However, initially I tried to build it on my Thinkpad laptop, before receiving the Chromebook. The problem with that is that the Thinkpad and the Chromebook use different architectures. The Thinkpad is Intel (x86_64) and the Chromebook is ARM (armhf).  So in trying to build the plug-in for Chromebook on my Thinkpad, I was cross-compiling.  Typical packages for building an application are really written assuming you are building on the same platform you are going to be running the program on.  I explained in this blog post my attempt to cross-compile the HtmlView plug-in. Prior to my Chomebook arriving, I did spend a fair amount of time trying to update the make files to use the Sourcery CodeBench Lite Edition to cross-compile the code. While I was able to get it to compile,  I was not able to get the code to link properly.  I abandoned the effort once I received the Chromebook and decided to build on the Chromebook instead. I may go back and try cross-compiling again some time in the future.

In order to build the package on the Chromebook I had to install additional packages. This is hopefully a complete list: build-essential, autogen, git, subversion, libglib2.0-dev, automake, libtool, libgtk2.0-dev, libgpgme11-dev, flex, bison.  Once I got all the correct packages installed, following the documented steps resulted in a successful compilation. Of course, as usual, I had to start over the make steps (not the download steps) each time I discovered a missing package.

After building the HtmlView plug-in successfully (which included copying the plug-in to the correct directory via the "make copy" step), I restarted sylpheed. At first I did not see an HTML tab show up for emails containing HTML. I read the file  that came with the source and saw that I had to go to Configuration->Common Preferences, then click on the Display tab, and then the Attachment sub-tab and check the "Toggle attachment list view with tab" checkbox.  After doing this I got an HTML tab, as you can see in this screenshot (Text tab selected):

When I click on the HTML tab I get the HTML rendering for the message, as shown below:

One thing to be aware of is that if you are in the HTML tab and click on a link in the message, it will render the HTML for that link directly in the message window (in sylpheed) rather than opening a browser. Once I did that I did not see a way to get back to the previous HTML. Right clicking did bring up a menu, but the "Back" button was grayed out. So at this point if I want to click on a link, I will probably go back to the the Text tab first and click on it there. When I click on a link from the Text tab, it opens the Chrome browser. I didn't install that so I assume either crouton did or one of the other packages I downloaded had a dependency on it.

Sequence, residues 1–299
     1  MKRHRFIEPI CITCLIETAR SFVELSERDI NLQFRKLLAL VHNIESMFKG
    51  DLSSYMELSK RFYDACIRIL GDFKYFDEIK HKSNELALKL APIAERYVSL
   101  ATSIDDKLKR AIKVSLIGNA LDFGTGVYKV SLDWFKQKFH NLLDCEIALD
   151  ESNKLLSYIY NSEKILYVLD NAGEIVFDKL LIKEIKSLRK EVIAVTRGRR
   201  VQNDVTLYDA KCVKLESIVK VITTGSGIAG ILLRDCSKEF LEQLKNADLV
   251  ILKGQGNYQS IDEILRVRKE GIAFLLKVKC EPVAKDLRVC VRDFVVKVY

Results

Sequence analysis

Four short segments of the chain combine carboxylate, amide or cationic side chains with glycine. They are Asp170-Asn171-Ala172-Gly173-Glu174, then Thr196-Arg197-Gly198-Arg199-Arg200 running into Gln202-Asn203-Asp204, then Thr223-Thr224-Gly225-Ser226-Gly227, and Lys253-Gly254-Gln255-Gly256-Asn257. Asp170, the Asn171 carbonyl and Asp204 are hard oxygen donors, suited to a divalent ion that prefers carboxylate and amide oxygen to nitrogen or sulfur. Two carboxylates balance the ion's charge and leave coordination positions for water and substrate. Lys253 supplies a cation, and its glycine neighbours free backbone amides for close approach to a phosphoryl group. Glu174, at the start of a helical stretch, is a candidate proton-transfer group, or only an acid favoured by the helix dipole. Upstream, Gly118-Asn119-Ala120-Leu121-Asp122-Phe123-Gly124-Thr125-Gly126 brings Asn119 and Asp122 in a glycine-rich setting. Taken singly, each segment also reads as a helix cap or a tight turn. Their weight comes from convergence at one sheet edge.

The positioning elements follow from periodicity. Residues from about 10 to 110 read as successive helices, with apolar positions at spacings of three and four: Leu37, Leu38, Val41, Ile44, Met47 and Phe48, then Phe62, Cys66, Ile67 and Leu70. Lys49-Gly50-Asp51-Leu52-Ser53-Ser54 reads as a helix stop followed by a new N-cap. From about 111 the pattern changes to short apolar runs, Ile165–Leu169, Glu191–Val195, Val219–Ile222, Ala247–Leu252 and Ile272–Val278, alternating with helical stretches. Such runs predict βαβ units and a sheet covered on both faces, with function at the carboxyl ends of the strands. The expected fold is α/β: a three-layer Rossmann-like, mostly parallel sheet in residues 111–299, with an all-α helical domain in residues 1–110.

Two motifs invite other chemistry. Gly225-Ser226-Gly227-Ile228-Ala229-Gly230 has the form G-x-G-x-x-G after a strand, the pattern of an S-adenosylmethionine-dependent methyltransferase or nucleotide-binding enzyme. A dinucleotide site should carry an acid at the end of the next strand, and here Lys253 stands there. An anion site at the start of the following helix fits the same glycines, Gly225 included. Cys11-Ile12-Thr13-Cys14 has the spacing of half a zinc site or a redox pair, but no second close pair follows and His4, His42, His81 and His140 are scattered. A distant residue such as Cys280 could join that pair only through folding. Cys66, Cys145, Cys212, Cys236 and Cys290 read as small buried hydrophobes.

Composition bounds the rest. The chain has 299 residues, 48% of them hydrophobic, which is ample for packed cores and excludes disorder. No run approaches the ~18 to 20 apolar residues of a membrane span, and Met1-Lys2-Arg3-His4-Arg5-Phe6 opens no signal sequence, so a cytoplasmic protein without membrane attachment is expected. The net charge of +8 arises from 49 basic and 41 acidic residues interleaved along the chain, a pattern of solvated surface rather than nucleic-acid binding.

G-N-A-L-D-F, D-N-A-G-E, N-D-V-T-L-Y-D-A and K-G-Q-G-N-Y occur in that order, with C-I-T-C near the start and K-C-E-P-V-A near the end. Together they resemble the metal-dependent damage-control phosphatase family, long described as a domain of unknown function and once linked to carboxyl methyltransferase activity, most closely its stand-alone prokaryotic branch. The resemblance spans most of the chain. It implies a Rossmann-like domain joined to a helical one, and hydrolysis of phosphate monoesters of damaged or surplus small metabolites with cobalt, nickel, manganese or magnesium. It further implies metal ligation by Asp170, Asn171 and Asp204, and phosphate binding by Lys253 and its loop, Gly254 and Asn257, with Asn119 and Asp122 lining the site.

Note that there are some HtmlView configuration options under Tools->HtmlView. One of these is a checkbox which causes the HTML tab to be rendered automatically. I chose not to do this, partially because of the linking issue mentioned above.

On my Thinkpad, I was able to export my mail files (in Mbox file format) in Thunderbird using the ImportExportTools plug-in I had previously installed. Within sylpheed I could select the file to import from and specify which folder to import those messages into.  I was able to export my address books in LDIF format and import them into sylpheed. Note however that in sylpheed you just get the name and email normally. Any additional information (like phone number) shows up in the Remarks field.

In using sylpheed for a few days, I have found it to be pretty fully featured.  It doesn't have extras, like a calendar, but for email it has a lot, including support for IMAP, encryption (GnuPG), IPV6, and filtering.

By the way, sylpheed was written by Hiroyuki Yamamoto and, according to the FAQ, "sylpheed" means light weight (like air).  This supposedly explains why it is so fast.

At his point I am pretty satisfied with sylpheed.  Running it in the crouton chroot environment, I have a couple of minor concerns:
  • If I click on a link, it launches the browser in the chroot environment. I have Chrome running in the Chrome OS environment, so I would rather see my web stuff there.
  • When I am in the Chrome OS environment, I have no notification that I have new email unless I switch over to the chroot environment and check the sylpheed email client.
At this point these are clearly minor concerns.  However, I am considering if I might be able to remedy these issues with some coding.  From perusing some of the Chrome development documentation, it appears that you can send some messages over a socket. There are some sample applications that demonstrate this.  Thus I am considering doing the following: